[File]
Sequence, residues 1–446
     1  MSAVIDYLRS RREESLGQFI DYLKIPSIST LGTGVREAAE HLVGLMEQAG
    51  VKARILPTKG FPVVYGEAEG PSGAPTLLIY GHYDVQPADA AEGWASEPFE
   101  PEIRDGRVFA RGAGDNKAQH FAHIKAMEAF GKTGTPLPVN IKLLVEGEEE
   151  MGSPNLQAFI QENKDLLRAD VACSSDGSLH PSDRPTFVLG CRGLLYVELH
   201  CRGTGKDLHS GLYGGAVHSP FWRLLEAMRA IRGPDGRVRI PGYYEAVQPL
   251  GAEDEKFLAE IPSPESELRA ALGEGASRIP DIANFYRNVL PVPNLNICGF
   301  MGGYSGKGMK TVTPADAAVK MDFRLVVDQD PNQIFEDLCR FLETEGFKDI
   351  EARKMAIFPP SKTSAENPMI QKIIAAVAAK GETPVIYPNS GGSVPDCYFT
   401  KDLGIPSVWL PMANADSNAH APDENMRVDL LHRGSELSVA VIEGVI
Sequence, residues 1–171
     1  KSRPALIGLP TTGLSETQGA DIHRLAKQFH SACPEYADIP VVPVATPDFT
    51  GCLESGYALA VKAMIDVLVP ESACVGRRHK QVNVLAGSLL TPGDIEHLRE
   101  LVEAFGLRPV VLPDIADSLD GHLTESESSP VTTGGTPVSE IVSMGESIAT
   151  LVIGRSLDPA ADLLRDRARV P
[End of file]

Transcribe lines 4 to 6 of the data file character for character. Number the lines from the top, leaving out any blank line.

   101  PEIRDGRVFA RGAGDNKAQH FAHIKAMEAF GKTGTPLPVN IKLLVEGEEE
   151  MGSPNLQAFI QENKDLLRAD VACSSDGSLH PSDRPTFVLG CRGLLYVELH
   201  CRGTGKDLHS GLYGGAVHSP FWRLLEAMRA IRGPDGRVRI PGYYEAVQPL